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Tuesday, 15 October 1985
Page: 1270


Senator ROBERTSON(9.39) —I enter the debate to consider the implications of the tax package for the Northern Territory. I make no apology for this. I have not done so on previous occasions. I have often said in this place that senators representing the Northern Territory, perhaps with the exception of those who accept high office and don the mantle of that position, are closest to the original concept of what senators ought to be. They are able to speak up for the Territory in this place-something that perhaps some of the senators from the States are not able to do.

I am going to avoid, if I can, any repetition of what has been already covered, particularly so eloquently by my colleagues Senator Richardson and Senator Maguire. However, before I start I will just make a couple of comments because these comments, being general, relate to the Northern Territory. I think it is fair to say that the tax package has been well received at all levels. There has been some criticism but it is fairly reasonable to say that it has been generally received around Australia. The anti-Labor media in the Northern Territory attempted to denigrate it, as the media always do. They could not find anything to hang any reasonable argument on. They found very little to criticise. As is so often the practice of the media, they resorted to scare tactics. This practice is employed by a number of people, the media and others, when there are no facts to substantiate what they intend to try to push. There are a couple of honourable senators sitting on the other side of this chamber who are well known for using this technique around Australia. I will refrain from mentioning who they are.


Senator Peter Baume —I am sorry; there are only two senators sitting on this side at the moment.


Senator ROBERTSON —The honourable senator to whom I am referring is not in the chamber at the moment, but the honourable senator who has just interjected is not unknown for this practice-in a very subtle way, of course. The tax measures which are in front of us are the outcome of an extensive process of consultation. It is strange that the present Leader of the Opposition (Mr Howard) seems to disagree with this process of consultation, this attempt to reach consensus. In a television interview regarding the summit, he said that the Government should decide what it wants to do and push it through. Fortunately, this is not the approach favoured by the present Government. It believes that wherever possible consensus should be reached, but certainly at all times there should be consultation. As we all know, the tax summit did not reach consensus. That is unfortunate, but perhaps it is understandable. It is quite clear that a number of competing interest groups would not even consider compromise. Therefore, there could be no consensus. However, the whole exercise was well and truly worth while and the Government is to be commended for attempting to get this consensus.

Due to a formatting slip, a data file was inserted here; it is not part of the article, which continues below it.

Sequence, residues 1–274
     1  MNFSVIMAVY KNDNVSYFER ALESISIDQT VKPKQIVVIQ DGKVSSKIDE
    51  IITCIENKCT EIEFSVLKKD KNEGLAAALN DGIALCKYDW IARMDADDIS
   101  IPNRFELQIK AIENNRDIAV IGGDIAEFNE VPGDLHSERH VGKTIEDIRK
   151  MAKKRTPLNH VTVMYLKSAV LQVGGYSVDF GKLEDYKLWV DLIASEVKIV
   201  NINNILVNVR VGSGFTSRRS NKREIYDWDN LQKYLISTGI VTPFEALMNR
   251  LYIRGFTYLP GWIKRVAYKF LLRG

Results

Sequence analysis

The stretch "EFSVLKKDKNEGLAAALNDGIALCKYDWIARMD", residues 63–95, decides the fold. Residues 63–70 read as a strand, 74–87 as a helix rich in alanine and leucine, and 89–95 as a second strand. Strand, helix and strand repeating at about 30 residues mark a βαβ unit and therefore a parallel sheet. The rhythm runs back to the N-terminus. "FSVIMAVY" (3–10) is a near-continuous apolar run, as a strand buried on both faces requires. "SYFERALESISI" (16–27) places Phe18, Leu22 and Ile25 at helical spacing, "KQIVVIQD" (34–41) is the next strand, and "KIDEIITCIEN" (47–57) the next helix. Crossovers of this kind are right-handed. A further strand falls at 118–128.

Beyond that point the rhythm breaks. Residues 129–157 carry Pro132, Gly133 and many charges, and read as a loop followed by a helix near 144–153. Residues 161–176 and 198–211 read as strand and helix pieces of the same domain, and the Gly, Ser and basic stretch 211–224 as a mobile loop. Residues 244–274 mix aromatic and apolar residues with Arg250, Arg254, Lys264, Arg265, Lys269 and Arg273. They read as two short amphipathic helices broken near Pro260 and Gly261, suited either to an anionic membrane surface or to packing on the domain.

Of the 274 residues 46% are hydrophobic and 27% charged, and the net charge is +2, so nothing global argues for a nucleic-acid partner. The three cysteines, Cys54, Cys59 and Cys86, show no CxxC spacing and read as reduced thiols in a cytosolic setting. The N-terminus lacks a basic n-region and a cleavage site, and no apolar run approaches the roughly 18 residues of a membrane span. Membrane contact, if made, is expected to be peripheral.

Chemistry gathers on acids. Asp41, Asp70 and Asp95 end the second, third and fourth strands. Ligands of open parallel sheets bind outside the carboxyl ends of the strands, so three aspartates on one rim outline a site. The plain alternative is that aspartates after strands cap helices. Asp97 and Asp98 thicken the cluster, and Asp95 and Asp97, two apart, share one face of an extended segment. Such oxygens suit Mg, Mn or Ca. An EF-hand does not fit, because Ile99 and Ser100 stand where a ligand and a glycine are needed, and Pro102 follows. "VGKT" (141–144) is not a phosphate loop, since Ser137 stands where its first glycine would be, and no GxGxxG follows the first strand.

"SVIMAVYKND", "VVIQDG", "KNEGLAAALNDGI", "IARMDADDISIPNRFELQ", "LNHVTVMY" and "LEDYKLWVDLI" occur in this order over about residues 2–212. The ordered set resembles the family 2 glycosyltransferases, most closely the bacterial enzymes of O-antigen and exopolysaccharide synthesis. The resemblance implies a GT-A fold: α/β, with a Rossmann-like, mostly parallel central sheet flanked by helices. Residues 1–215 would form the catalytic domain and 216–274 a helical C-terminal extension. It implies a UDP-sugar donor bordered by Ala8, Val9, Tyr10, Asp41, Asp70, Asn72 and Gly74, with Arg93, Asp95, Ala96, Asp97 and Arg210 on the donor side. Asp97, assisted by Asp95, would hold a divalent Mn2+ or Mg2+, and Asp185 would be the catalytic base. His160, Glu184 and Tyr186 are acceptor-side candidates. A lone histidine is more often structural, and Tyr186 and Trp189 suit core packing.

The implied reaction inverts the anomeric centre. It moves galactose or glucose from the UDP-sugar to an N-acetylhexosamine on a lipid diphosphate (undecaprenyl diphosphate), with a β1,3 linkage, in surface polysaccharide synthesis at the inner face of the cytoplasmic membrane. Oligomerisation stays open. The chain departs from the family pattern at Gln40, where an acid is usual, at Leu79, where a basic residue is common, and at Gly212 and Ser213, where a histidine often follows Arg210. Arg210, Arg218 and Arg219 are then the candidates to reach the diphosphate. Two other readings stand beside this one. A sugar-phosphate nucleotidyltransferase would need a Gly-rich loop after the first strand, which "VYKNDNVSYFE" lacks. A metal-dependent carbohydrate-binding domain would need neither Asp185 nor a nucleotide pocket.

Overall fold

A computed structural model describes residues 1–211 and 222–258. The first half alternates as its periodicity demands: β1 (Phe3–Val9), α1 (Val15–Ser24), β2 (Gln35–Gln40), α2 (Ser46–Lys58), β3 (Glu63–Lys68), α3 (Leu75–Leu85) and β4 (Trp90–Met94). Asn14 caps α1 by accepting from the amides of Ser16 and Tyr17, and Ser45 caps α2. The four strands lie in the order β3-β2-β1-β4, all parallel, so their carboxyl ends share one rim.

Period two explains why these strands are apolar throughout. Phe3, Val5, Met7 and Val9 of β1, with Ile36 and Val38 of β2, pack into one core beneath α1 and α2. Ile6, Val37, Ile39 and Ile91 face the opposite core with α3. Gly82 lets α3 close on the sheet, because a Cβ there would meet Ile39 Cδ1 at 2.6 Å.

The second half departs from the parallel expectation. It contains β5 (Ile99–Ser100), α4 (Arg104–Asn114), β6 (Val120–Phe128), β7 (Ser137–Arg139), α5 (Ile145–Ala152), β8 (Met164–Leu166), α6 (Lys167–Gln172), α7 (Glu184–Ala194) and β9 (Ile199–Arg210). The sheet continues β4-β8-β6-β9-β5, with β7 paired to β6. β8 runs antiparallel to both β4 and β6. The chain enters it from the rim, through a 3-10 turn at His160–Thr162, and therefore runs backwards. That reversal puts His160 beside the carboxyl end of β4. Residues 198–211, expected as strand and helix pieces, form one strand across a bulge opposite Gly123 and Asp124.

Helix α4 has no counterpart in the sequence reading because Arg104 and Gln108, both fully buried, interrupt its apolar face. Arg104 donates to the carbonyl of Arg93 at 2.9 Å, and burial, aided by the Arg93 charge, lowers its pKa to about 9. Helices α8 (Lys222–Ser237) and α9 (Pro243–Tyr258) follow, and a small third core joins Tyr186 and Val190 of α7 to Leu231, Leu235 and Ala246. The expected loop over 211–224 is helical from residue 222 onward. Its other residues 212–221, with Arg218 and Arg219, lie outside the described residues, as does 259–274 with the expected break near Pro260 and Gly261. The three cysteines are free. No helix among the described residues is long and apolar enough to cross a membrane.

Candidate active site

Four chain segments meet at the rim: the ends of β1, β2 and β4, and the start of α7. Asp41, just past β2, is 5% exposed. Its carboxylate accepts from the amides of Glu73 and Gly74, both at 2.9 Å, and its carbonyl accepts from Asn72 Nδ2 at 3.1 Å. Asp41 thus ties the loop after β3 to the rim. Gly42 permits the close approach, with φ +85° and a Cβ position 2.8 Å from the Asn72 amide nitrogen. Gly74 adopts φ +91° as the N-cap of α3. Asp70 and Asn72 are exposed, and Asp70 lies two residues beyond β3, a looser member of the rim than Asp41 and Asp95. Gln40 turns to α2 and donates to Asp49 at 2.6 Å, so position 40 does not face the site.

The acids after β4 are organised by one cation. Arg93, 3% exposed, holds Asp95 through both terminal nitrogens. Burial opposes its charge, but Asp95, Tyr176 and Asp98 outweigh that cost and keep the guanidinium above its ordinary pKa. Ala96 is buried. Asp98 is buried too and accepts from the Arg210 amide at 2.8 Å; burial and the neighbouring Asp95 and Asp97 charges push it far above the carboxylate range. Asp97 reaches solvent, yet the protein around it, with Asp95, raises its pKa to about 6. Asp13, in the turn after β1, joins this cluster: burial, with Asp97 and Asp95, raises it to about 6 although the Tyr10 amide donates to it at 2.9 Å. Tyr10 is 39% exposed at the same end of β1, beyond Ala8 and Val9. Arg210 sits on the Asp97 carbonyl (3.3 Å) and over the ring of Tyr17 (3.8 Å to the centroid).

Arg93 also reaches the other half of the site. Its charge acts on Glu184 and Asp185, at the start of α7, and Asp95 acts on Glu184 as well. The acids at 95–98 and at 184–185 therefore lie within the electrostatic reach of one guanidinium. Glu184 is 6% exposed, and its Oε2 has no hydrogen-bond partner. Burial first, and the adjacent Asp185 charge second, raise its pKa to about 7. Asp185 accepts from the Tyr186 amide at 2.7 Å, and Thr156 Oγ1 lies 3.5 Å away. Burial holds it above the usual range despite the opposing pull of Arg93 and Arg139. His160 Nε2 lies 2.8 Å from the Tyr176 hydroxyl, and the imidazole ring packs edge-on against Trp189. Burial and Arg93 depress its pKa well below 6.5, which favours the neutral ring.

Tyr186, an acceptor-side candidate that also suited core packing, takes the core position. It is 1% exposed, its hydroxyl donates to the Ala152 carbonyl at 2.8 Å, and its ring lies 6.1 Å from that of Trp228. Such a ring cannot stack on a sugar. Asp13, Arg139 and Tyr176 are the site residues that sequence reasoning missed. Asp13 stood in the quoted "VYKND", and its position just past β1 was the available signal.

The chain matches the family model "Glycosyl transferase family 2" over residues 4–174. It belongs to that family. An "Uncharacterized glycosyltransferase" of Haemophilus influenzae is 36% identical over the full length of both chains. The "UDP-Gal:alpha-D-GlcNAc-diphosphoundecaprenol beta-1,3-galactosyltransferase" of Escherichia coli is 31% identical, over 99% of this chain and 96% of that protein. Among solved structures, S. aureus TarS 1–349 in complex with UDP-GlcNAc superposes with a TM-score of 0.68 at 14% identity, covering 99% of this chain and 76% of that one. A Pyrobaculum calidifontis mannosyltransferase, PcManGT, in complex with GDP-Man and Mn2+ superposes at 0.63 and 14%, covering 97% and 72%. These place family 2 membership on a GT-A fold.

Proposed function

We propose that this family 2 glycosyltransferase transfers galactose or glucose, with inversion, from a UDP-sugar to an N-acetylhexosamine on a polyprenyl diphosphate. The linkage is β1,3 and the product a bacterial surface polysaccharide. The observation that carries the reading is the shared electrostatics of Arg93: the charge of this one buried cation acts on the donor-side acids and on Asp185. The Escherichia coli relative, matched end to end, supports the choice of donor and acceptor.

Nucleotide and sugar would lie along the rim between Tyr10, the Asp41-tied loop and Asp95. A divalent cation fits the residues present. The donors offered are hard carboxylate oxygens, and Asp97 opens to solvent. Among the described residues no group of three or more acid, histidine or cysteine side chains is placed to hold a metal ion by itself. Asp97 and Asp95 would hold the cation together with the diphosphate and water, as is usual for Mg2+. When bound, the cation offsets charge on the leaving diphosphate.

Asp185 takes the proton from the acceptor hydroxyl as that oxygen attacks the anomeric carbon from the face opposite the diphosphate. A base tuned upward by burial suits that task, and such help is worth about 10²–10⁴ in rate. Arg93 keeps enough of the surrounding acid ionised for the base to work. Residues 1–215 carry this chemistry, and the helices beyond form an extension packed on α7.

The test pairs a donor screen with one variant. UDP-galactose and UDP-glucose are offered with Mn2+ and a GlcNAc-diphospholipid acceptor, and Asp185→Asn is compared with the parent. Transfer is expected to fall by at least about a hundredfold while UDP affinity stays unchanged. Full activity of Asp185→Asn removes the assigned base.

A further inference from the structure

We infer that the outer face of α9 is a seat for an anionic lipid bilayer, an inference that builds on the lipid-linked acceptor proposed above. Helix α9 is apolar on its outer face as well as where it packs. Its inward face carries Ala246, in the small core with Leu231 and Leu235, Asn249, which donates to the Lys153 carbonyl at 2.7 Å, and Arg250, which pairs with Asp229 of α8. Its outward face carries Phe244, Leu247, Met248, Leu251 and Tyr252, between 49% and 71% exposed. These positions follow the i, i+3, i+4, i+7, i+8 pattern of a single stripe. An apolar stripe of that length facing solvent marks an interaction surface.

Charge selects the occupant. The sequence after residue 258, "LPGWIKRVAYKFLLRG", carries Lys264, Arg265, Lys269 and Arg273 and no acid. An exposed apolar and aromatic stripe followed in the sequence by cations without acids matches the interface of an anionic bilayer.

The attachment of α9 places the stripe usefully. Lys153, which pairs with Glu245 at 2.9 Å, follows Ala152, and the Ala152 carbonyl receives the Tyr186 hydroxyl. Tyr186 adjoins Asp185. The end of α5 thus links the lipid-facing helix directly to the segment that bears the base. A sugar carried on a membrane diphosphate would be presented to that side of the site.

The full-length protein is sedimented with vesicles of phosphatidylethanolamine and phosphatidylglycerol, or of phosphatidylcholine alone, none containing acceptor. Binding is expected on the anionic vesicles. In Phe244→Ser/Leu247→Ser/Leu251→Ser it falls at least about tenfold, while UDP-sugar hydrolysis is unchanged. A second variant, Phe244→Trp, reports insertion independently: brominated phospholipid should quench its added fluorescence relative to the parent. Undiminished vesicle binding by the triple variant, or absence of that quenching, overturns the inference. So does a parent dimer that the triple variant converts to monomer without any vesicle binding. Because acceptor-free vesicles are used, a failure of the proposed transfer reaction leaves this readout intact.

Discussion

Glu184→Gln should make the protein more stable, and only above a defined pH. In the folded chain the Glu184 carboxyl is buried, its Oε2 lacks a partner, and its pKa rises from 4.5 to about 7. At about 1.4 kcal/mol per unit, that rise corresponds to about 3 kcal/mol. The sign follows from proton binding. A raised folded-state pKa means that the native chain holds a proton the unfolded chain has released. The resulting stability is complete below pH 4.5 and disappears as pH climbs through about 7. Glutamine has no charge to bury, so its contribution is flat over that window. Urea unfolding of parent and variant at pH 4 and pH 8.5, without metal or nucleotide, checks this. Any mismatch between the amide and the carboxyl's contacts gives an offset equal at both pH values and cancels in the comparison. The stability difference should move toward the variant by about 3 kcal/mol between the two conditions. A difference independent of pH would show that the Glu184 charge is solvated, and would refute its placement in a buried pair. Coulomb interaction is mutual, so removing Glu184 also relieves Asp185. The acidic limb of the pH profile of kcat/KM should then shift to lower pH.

There is general agreement-there had been before the tax summit-that the tax system is in a crisis. Previous governments have walked away from this. They have put the problem into the too hard basket. I think that this was elaborated quite clearly by my colleague Senator Richardson. I think it is fair to say and to claim that the Australian Labor Party had courage to tackle the problem and it must be commended for it. One observer speaking of the summit had this to say:

Speaker after speaker at summit congratulated Prime Minister and Treasurer for having the courage to hold the summit-unfortunately at times it seemed that this was the only thing that many speakers could agree on.

What is this crisis? What does it involve? It involves three major issues-avoidance, evasion and minimisation at all levels but, quite obviously, mainly at the higher levels. The package does not go as far as many of us would wish it to go, but for all that it is still the most far reaching in living memory. The fundamental aims of the Government's tax reforms have been outlined. Perhaps I can itemise them. The aims are, firstly, to reduce marginal rates significantly; secondly, to curtail tax avoidance and evasion; thirdly, to restore fairness to the tax system; and, fourthly, to gear the whole system to economic growth by doing three things-firstly, providing greater rewards for initiatives; secondly, removing distortion of shelters, and, thirdly, ending the double taxation of dividends.